An Australian academic being held in an Iranian prison has begun a hunger strike, along with another academic.
Melbourne University lecturer Kylie Moore-Gilbert has been held in the notorious Evin prison in Tehran since October 2018.
She was convicted of spying and sentenced to 10 years’ jail.
A recent appeal failed.
A letter dated Christmas Eve and published by supporters of Dr Gilbert-Moore and French-Iranian researcher Fariba Adelkhah, also accused of spying and detained in Iran some months ago, says the women have begun refusing food and water.
France’s Sciences Po school (CERI), where Ms Adelkhah works as a senior research fellow, confirmed it in a tweet, Reuters reports.
“CERI confirms the hunger strike begun by Fariba Adelkhah and her co-detainee Kylie Moore-Gilbert,” the institute said on Wednesday.
The prison has a reputation for brutal treatment of inmates, including mock executions, beatings and psychological “torture”.
The Federal Government has previously described Dr Moore-Gilbert’s situation as complex, and Foreign Minister Marise Payne has said Australia does not accept the spying charges against her.
“She’s been receiving consular assistance and had a visit recently,” Prime Minister Scott Morrison said on Tuesday.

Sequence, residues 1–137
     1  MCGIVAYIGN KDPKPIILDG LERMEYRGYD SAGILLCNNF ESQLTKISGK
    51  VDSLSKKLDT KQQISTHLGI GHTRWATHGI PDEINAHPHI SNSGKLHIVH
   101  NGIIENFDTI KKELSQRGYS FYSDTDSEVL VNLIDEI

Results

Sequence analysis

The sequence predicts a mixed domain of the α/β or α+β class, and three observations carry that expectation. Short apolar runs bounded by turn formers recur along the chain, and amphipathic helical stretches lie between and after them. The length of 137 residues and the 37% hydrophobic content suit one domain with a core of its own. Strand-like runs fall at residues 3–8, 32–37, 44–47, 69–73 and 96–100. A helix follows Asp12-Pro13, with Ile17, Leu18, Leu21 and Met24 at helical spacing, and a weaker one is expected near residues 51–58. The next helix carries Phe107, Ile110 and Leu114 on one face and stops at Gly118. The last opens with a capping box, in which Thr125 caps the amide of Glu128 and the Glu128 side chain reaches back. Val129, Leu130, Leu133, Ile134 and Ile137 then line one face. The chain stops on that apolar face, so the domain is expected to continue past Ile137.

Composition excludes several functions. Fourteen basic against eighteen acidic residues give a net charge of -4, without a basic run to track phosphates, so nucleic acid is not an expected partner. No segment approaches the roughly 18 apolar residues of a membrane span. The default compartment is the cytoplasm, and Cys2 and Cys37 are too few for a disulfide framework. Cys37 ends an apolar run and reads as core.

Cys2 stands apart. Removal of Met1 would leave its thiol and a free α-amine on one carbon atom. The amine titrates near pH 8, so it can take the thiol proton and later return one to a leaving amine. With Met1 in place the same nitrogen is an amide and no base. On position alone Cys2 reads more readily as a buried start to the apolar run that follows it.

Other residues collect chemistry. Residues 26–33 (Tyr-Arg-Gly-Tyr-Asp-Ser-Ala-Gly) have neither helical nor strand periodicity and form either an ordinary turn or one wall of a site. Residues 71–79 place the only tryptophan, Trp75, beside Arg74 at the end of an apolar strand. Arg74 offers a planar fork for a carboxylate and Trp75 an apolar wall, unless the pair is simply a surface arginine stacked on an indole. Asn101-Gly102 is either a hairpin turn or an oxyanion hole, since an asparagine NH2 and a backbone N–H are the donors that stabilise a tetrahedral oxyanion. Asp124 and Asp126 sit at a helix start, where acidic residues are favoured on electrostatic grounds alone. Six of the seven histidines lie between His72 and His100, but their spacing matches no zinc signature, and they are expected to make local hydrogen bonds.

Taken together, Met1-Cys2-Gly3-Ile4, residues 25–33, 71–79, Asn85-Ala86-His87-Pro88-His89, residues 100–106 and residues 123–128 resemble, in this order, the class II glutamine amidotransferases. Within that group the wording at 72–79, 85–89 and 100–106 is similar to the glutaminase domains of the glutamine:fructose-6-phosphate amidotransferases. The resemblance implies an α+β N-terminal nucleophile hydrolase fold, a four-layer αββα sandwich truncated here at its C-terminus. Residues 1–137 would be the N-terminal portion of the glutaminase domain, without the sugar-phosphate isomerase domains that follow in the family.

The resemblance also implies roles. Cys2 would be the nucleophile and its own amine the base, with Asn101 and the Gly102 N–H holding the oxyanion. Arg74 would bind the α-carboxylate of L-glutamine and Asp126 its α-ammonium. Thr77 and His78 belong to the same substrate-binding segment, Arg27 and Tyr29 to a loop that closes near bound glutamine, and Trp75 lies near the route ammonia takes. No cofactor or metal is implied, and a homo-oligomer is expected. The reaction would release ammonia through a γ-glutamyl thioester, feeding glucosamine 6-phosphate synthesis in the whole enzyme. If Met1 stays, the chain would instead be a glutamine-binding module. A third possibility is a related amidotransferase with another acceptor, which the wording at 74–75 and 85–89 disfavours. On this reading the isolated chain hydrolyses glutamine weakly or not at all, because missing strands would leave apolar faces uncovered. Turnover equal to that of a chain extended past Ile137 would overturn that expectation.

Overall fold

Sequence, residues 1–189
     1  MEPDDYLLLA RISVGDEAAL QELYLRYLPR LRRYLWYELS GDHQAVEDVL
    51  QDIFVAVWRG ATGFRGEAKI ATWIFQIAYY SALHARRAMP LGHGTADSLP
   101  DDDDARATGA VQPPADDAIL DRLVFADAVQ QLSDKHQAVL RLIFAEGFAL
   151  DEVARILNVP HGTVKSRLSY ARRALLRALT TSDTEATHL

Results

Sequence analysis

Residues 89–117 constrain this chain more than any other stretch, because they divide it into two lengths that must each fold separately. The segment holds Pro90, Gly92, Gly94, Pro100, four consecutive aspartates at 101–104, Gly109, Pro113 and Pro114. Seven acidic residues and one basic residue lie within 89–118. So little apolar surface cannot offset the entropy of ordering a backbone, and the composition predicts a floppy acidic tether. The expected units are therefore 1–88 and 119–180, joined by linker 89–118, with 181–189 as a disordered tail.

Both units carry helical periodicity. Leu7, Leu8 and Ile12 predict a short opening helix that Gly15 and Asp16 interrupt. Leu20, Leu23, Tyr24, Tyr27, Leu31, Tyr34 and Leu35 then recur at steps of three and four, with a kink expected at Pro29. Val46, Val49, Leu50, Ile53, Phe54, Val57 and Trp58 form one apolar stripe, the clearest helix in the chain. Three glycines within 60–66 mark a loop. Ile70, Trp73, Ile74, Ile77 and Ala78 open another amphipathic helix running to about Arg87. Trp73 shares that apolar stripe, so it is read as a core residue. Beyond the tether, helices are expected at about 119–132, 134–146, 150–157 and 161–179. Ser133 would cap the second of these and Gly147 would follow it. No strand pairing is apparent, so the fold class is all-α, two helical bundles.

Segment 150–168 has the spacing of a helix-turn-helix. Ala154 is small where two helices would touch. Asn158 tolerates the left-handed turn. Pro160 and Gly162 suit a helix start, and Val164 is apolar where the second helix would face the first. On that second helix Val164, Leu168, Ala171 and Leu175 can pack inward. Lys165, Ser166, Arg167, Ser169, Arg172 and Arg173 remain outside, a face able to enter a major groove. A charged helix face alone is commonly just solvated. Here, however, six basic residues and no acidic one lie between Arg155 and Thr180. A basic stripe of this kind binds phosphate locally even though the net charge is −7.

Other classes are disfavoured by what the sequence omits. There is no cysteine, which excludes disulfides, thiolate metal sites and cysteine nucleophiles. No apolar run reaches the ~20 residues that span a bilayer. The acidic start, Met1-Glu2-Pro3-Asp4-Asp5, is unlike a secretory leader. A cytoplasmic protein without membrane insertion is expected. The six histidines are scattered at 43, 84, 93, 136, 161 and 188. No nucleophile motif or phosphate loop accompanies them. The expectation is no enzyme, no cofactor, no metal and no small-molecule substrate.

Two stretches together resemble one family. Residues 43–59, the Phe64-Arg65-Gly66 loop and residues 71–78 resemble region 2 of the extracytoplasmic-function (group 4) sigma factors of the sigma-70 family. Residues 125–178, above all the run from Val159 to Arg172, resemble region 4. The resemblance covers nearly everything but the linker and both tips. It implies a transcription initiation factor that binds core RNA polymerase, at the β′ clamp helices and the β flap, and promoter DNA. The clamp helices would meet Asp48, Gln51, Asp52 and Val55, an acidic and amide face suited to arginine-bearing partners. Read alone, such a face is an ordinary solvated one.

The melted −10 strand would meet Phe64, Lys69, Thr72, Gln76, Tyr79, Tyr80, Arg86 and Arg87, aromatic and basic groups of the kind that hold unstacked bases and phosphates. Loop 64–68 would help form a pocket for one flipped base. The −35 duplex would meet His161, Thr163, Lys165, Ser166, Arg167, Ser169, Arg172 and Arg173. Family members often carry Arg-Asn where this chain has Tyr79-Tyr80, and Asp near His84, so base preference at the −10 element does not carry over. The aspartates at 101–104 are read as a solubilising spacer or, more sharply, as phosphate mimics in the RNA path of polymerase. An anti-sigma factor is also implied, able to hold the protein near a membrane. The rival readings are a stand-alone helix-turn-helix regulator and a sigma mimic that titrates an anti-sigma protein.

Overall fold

“We’re doing everything that we can do bring her home.”
Mr Morrison said the Government remained concerned for Dr Moore-Gilbert’s welfare.
Dr Moore-Gilbert is a Middle East expert at the University of Melbourne’s Asia Institute, specialising in Arab Gulf states. She has also studied at Cambridge.
Her family has not spoken publicly but earlier this year released a statement via the Department of Foreign Affairs and Trade (DFAT).
“We believe that the best chance of securing Kylie’s safe return is through diplomatic channels,” the statement said.
In October, Australian bloggers Jolie King and Mark Firkin were released from the prison after several months of detention for reportedly flying a drone without a permit.
Hours after their release, the Australian Government revealed that an Iranian scientist who had been studying in Brisbane would not be extradited to the United States.
Attorney-General Christian Porter would not say if the two cases were linked, only that “extradition requests are considered on a case-by-case basis”.
However, Iran has detained dual Iranian nationals and those with Western ties in the past, to be used as bargaining chips in negotiations.